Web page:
How often do we sound masculine and feminine, without even noticing it? Does it affect the way people react to our speech? What are the ways gender stereotypes change, internationally?
Marina Garanovich, PSU researcher in linguistics, has studied family values, stereotypes and gender-related concepts, revealing the aspects of male and female speech in Russia, China, UK and Spain.
The study of Marina Garanovich includes 16 sociolinguistic experimental studies, with 1250 participants involved. Marina Garanovich is a teaching fellow and assistant professor at the Department of Theoretical and Applied Linguistics, and the Department of Linguistics and Translation. Her research interests cover gender-specific cognitive language structures.
Marina Garanovich’s study is based on a survey of various groups of respondents, Russian and international ones. The study shows the dependence of gender speech stereotypes on social parameters: gender, age, social status, level of education and speciality. Moreover, each group has its own ‘version’ of female and male model of speech behavior.
The language perception of Russians traditionally links logics and dominance to male speech, and emotionality, verbosity and politeness to female. “However, the mind of a theater-related professional, for instance, projects stereotypical male characteristics of speech behavior to play directors, rather than generally men. That explains the concepts of speech behavior growing from professional occupation,”comments Marina Garanovich
The variability of opinions about family relationships depends on the vision of the world, implied nationally. The analysis of association words connected with the ‘family’ concept shows that modern European family values penetrate into traditional Chinese culture, and the ideas about the social roles of men and women in Russian and Western cultures do not coincide.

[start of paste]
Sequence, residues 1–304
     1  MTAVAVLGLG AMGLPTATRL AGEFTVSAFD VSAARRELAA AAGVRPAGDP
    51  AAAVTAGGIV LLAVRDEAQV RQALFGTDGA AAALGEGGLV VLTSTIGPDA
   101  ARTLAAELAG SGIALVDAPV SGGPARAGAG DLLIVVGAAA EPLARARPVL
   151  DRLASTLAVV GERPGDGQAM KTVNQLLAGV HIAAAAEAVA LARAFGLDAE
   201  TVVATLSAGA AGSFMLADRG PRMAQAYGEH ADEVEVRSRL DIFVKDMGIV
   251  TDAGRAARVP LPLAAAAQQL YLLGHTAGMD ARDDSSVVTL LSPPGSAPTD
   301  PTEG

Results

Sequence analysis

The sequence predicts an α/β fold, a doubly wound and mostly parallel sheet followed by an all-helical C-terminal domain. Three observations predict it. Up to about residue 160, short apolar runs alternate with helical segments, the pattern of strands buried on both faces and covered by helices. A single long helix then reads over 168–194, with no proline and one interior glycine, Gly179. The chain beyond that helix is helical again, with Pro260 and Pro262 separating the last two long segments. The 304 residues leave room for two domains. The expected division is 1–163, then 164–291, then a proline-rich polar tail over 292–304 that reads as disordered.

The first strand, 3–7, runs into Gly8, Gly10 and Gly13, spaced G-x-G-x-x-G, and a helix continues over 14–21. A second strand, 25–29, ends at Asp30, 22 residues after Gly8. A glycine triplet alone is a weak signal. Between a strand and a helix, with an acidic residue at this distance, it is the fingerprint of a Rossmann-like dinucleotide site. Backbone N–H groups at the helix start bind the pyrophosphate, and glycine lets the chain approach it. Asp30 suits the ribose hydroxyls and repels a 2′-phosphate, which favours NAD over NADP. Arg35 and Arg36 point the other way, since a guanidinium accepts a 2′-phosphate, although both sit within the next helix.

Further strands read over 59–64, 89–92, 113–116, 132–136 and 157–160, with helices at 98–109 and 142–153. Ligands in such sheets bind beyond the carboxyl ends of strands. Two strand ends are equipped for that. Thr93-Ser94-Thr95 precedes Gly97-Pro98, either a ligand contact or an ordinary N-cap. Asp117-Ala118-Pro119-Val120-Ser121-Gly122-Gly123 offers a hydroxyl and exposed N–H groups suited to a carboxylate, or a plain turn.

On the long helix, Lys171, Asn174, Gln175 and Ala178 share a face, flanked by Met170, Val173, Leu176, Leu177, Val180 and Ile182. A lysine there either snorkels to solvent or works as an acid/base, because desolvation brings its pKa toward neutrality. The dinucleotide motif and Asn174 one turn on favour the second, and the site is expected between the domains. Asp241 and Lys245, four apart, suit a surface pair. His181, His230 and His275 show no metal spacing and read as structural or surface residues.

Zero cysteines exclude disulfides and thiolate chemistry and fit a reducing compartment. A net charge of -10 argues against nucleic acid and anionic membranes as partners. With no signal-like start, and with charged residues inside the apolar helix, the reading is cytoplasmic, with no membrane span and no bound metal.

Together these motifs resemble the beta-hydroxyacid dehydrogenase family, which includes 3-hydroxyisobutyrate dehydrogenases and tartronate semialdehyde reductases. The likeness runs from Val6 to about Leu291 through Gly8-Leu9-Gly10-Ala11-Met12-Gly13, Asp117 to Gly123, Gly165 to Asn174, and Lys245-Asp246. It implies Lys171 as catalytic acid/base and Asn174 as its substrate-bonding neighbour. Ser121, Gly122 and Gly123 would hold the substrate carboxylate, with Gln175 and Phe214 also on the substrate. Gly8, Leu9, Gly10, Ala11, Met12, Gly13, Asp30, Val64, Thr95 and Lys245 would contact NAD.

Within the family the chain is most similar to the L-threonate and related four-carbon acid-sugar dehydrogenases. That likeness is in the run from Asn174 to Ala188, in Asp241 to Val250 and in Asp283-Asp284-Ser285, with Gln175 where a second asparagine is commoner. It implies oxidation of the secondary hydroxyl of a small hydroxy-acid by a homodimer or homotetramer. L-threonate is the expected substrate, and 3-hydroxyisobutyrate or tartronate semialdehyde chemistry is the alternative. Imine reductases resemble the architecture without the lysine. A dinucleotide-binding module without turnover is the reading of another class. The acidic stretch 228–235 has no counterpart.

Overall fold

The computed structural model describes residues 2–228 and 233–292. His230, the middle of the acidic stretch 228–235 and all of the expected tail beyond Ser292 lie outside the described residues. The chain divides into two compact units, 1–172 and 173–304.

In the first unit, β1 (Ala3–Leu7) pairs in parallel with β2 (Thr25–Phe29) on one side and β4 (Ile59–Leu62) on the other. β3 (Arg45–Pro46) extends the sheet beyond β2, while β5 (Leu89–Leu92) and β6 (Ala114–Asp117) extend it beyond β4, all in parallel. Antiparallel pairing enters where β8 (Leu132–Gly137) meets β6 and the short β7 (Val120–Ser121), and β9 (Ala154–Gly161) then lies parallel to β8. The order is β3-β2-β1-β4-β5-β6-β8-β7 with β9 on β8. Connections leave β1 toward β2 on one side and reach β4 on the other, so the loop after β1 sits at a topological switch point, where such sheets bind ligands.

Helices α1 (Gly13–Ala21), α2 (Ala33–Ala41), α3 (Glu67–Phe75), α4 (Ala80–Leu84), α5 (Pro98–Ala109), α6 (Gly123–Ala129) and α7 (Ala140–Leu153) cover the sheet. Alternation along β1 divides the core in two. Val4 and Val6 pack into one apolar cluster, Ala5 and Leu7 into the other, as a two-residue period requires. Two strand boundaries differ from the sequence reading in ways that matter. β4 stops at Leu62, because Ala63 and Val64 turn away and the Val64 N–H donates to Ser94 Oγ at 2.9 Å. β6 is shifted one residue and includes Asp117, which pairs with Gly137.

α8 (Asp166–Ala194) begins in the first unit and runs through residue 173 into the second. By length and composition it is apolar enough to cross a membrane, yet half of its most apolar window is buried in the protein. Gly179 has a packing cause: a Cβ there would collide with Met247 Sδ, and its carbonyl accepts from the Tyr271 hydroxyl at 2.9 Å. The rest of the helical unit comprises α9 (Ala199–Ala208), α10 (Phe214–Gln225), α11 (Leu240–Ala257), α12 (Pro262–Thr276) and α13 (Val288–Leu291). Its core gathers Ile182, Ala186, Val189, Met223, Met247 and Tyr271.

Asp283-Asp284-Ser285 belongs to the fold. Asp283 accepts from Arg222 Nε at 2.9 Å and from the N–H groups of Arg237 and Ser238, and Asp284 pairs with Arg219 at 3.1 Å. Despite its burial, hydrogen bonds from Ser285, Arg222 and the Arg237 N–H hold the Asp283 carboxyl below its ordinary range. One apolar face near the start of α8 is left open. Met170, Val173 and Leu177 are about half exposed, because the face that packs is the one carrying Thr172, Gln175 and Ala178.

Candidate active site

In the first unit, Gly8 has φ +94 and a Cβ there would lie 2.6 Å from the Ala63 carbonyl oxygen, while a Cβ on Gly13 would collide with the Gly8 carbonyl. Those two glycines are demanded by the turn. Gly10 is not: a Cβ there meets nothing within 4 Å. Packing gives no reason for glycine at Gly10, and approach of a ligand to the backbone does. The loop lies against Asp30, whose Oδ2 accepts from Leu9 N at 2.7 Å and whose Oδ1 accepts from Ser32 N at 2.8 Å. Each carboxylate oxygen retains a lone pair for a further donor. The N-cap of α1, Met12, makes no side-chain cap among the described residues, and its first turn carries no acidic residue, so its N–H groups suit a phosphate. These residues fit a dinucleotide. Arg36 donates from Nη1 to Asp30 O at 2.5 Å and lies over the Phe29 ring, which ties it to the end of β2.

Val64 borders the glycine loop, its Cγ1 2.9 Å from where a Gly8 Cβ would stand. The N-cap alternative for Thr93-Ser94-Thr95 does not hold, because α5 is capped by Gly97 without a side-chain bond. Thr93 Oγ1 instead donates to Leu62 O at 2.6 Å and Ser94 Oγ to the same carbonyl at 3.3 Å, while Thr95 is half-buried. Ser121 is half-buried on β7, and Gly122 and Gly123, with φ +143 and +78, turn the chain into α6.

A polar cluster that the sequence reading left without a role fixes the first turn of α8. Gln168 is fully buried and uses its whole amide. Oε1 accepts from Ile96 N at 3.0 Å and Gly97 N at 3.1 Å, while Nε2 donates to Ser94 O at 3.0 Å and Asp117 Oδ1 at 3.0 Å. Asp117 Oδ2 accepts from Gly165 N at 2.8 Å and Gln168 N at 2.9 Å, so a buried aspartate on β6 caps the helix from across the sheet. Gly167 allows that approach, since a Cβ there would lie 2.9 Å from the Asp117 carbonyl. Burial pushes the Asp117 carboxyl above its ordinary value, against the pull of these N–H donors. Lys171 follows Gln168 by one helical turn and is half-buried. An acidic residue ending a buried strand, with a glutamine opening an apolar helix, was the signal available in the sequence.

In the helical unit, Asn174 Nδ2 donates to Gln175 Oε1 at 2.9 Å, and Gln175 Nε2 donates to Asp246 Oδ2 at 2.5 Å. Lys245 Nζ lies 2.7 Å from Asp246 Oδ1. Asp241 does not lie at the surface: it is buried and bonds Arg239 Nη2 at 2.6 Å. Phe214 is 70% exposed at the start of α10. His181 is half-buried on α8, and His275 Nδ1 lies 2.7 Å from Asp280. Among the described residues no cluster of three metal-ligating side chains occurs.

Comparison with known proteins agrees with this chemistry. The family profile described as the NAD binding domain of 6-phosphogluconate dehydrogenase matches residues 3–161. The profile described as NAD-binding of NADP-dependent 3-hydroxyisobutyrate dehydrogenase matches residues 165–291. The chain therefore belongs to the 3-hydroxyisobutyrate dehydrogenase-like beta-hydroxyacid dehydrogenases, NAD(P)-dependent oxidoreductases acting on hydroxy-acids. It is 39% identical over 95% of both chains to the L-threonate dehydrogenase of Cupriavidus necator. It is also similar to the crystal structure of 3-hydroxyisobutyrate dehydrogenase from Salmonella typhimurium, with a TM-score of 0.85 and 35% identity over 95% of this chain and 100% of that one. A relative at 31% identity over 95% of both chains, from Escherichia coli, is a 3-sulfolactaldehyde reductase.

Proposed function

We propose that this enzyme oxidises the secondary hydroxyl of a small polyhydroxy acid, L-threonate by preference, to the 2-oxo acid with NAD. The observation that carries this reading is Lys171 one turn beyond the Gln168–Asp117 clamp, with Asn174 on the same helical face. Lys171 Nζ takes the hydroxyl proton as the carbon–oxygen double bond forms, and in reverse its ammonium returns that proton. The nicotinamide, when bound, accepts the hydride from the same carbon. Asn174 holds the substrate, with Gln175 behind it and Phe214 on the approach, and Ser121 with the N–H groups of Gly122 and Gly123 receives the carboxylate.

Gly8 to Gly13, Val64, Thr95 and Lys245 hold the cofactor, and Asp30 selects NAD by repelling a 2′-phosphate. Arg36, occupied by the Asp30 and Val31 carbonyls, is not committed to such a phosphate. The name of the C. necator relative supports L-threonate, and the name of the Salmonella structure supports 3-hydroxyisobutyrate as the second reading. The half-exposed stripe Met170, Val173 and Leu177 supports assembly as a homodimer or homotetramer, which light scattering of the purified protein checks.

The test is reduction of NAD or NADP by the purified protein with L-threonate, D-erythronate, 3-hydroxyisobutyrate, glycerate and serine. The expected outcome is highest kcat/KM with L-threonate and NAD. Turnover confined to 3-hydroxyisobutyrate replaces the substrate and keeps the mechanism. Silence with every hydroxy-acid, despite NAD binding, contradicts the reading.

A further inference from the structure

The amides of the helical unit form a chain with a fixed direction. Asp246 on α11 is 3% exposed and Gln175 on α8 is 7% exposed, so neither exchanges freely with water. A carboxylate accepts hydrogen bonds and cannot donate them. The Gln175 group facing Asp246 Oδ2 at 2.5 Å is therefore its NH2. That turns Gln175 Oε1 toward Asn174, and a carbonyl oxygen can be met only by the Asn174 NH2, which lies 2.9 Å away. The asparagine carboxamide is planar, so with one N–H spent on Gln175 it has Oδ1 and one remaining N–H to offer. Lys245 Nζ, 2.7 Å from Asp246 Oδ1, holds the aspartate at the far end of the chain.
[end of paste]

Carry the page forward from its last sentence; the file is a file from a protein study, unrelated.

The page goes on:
“While a Western woman, being equal to a man in her social rights, gets somehow liberated from household burdens and family roles, within the Russian language and social perception a new woman role incorporates patriarchal and feminist characteristics,”states Marina Garanovich
Nevertheless, as the research proposes, the verbal image of a Russian man is also gradually ‘released’ from a number of essential social roles, such as geniture, fatherhood and responsibility for the family, children and relatives.
As for the concept of marriage, Russian youth’ respondents determine its notion through the words ‘union’ and ‘legality’ – despite the fact that modern dictionaries of Russian language miss to mention ‘legality’ as its component. The research data also proves the term ‘civil marriage’ to retain its everyday naive concept of relations between a man and a woman, officially unregistered, which contradicts to its legal understanding.
The research shows the way personal preferences and stereotypes are fixed in the language and user vocabulary, finding their expression in oral and written speech.
“The British regularly reproduce signs of gender stereotypes in speech. They are generally more consistent, unlike Russian informants. This happens due to the preservation of patriarchal traditions in British culture, despite the intense liberal transformations of family values – for example, the freedom of choosing gender identity, or revising gender social roles, publically” .Marina Garanovich
Marina Garanovich has conducted a study “Sociolinguistic Variation of Gender-Related Cognitive Formations” under a grant from the Russian Science Foundation. In the course of the project, since 2018, three master’s theses have been defended. 16 study publications entered the Russian Science Citation Index, including 3 articles in the Clarivate Web of Science. Upon the completion of the research, a monograph “Sociolinguistic Variation of Gender Stereotypes in Language Perception of Russians” was published.